The Curious Life of Norman Birkett – A Look at the Nuremberg Trials


The British Barrister, preacher, politician and judge, William Norman Birkett, definitely had a curious life. He was born on the 6th September 1883 and was also known as 1st Baron Birkett. He was nominated and served as the alternate judge during the Nuremberg Trials. He had been a draper and Methodist preacher before he started to attend Emmanuel College, in Cambridge. He studied law, history and theology in college and graduated in 1910. After graduating he got a job as a secretary and by 1913 was law after receiving the call to the Bar.

Birket retired in 1956 after a successful career in law. His career began in 1924 when he was appointed to the King’s Counsel. He became a criminal defense lawyer, after being declined service in the military during World War I because of being medically unfit. William Birkett tried and was refused an appointment High Court of Justice in 1928, only to be sought for the position 13 years later in 1941 in King’s Bench Division.

His career eventually led him to the Nuremberg trials of 1945 as aide and alternate to the judge.  He was highly skilled as a speaker and was able to defend clients even when the odds were stacked against them even though he didn’t have the option to cast a vote. His prowess was seen at the Nuremberg Trials, where his opinion definitely helped draft the final verdict. He became a  Privy Counselor in 1947, and retired 9 years later and only after the world saw him preside over the Court of Appeal, and listen to him pass judgment on some of the most important cases of that era, especially cases related to contract law.

Birkett’s Life and Education

Norman had been born on 6th September 1883 at Ulverston, Lancashire and attended Wesleyan primary school. He was highly intelligent as a student and also would make practical jokes in school. After leaving school, he worked as a draper at his father’s shops and also took up preaching. He was very popular as a preacher and in 1904 he decided to leave the family draping business with approval from his father. He instead went on to pursue a career as a minister in 1905 and went to Cambridge University to study theology and history.

William was accepted to the Emmanuel College, Cambridge, on the condition of passing an entrance exam. This meant that he had to learn Greek and Latin, which is he managed to learn in 3 months, and university accepted him in 1907. He had two children, a daughter and a son from Ruth “Billy” Nilsson, named Linnea Birkett, and Michael Birkett respectively. Norman was a keen golfer and was also a member of the Harewood Downs Golf Club.

His Time at the Bar and Parliament

Once he qualified to become a barrister, in 1914 he moved to Birmingham, because he had a stronger network in that city. His career was helped by the start of World War I when many of his colleagues and fellow barristers were called for service, whereas Norman was found to medically unfit owing to tuberculosis. He had tuberculosis and took a break for 6 months to recover from it, during which he also preached regularly at the Baptist People’s Chapel.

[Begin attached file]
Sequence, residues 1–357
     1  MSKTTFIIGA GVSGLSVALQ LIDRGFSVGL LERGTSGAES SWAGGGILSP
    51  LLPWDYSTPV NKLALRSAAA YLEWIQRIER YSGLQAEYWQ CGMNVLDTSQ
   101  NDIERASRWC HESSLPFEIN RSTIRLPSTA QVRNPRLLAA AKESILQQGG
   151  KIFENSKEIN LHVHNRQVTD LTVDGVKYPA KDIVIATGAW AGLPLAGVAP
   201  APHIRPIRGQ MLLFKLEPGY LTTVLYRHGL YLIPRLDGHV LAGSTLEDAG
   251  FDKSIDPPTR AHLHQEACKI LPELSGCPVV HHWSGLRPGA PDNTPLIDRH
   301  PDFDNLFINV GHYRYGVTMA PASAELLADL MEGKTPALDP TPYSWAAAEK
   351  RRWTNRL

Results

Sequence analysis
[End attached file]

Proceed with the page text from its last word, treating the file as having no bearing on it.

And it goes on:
He was very popular as a defense counsel and this caused him to get in trouble many times. He was highly impressive in his career and oversaw many cases with outstanding results. His success saw him being called to the Bar in London, and he was slightly hesitant going there because he was afraid that if he failed there, his career would stall.

Overtaking London

Norman Birkett was determined to succeed in London and managed to cement his position as a truly gifted speaker at the Bar. He managed to win some remarkable criminal cases, one of which is known as the “Bachelor’s Case”. Birkett’s performance, in that case, made the front pages of newspapers all over the country, as his closing address changed the mood of the room and the jury entirely, resulting in his victory. He was described in the Daily Mail, as “the greatest legal discovery of the year”, and his speech was hailed as “a brilliant piece of advocacy”.

He managed to earn the respect of everyone in London and proved himself to be one of the most outstanding lawyers at the Bar in London.

The Nuremberg Trials


If the letter that Birkett received from the Lord Chancellor on 30th August 1945 had been followed to the letter, he would have presided over the Nuremberg Trials as the Judge. However, due to the nature of the trials, the foreign office decided to favor Geoffrey Lawrence, a senior judge. And as a result, Birkett was offered the position of the alternate judge to Lawrence.

The Nuremberg Trials lasted nearly a year, beginning from 18th October 1945 and ending on the 30th September 1946. Birkett was an alternate judge and as such didn’t have the option to cast his vote, but his opinion was still given weight, and managed to sway the decision of many judges. After coming home from the trials, he received glowing praise from the Lord Chancellor, who stated, “The country owes much to him for vindicating our conceptions of an impartial trial under the rule of law”.

Once the judges came back home, Geoffrey Lawrence was turned into a Baron for all of his work at Nuremberg, but Birkett got nothing in comparison. This led Birkett into depression, and he took many months in order to get over the depression.

He was made Privy Counselor belatedly in 1947, but he saw this as a poor reward for all his work in the Nuremberg Trials.

David Herold

David Herold is one of the authors writing for WAR HISTORY ONLINE